Angela kept in touch, making sure he was OK during their time apart. They got back together within six months and were married Aug. 2, 2003.

“Our relationship has been the strongest it’s been ever since then,” Lambert said. “To understand that I’m worthy of letting myself go for the love of a woman, I know it goes back to that hug.”

Family routine

Angela and Lambert have two children. Hunter is 15. Cameron is 13.

With his role solely as a spotter, Lambert doesn’t work at Joe Gibbs Racing’s shop. That’s allowed Lambert to spend as much time as possible with his family between races.

They will be at Homestead-Miami Speedway on Sunday to see if Lambert and Hamlin can win the championship.

They also are a part of Lambert’s routine before every race.

Once the prayer and national anthem are complete in pre-race ceremonies — and before engines are fired — Lambert calls his family. They wish him good luck and tell him they love him.

After hanging up, Lambert steps away from the other spotters for a moment alone.

He prays for family members who have passed. He prays for the grandparents who raised him. He prays for the wife who loved him.

And he prays for the son who stands against the door the last time Lambert saw him alive, waving goodbye.

 

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Long: 100 days left in 2020, what else can happen?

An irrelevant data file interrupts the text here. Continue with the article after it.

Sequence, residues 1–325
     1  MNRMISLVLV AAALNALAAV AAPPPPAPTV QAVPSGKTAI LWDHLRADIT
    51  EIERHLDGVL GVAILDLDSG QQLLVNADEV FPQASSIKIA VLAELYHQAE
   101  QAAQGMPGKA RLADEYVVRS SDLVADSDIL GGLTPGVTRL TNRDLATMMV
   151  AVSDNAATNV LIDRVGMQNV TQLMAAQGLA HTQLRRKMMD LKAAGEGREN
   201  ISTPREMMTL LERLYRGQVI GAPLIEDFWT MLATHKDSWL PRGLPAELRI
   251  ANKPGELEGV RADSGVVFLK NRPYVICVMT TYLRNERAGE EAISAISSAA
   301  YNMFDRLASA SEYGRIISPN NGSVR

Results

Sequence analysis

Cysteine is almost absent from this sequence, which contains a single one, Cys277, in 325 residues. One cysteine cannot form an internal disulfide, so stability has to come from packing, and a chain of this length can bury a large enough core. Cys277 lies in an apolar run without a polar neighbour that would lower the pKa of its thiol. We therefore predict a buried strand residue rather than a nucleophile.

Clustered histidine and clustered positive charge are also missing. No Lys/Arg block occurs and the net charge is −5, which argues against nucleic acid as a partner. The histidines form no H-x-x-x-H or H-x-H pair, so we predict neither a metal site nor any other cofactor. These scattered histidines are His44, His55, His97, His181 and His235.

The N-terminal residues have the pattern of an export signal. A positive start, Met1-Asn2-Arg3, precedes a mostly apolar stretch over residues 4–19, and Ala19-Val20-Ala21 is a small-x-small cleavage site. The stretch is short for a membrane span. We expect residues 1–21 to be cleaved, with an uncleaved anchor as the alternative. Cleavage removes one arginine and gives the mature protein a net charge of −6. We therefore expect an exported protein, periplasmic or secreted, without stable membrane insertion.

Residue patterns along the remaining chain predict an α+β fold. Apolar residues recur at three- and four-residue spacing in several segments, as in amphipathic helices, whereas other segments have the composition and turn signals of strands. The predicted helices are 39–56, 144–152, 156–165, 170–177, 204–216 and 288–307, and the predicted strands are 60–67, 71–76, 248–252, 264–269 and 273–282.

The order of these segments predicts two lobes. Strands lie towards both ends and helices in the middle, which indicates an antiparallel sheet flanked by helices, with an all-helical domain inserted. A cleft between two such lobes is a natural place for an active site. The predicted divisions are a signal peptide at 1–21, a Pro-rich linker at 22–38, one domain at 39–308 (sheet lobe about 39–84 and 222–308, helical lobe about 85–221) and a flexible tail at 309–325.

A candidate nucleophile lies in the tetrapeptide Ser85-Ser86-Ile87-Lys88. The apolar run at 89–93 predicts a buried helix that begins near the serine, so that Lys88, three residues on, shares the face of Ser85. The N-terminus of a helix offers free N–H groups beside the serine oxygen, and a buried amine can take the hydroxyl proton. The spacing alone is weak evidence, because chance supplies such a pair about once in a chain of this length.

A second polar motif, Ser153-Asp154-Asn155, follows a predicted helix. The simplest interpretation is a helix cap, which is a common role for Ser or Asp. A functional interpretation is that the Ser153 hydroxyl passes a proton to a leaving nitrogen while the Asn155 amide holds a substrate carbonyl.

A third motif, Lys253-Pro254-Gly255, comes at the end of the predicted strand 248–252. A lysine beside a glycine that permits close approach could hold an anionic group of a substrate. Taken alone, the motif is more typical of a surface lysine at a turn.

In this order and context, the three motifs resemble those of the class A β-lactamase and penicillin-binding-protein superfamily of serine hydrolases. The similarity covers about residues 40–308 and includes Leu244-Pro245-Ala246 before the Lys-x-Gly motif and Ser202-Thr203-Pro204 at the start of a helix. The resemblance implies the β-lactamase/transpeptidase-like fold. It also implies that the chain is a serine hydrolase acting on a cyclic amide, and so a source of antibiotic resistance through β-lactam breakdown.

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What’s next?

In a season of change that has zoomed through NASCAR like history did in Billy Joel’s “We Didn’t Start the Fire,” 100 days remain in the year. That’s plenty of time for more upheaval.

Remember the beginning of the season when talk centered on the championship race moving to Phoenix Raceway this year?

That was back when teams practiced and qualified before races, before drivers chose what lane to restart, before midweek races.

The novel coronavirus pandemic forced NASCAR and all sports to change, but when NASCAR returned after a 10-week break in May to Darlington without spectators, that was only the beginning of a season unlike any other.

Michael Jordan’s entry into the sport Monday night capped a day that started with Chip Ganassi hiring Ross Chastain to drive its No. 42 car next year and a report that NASCAR would add another road course to the 2021 schedule and move the All-Star Race.

The 2021 schedule has not been released so that is something to look forward to at some point in the next 100 days. The timeline on when it will be revealed continues to change, so let’s just say it will be out by Christmas, if not sooner. Who knows, there still might be more road course races on next year’s schedule.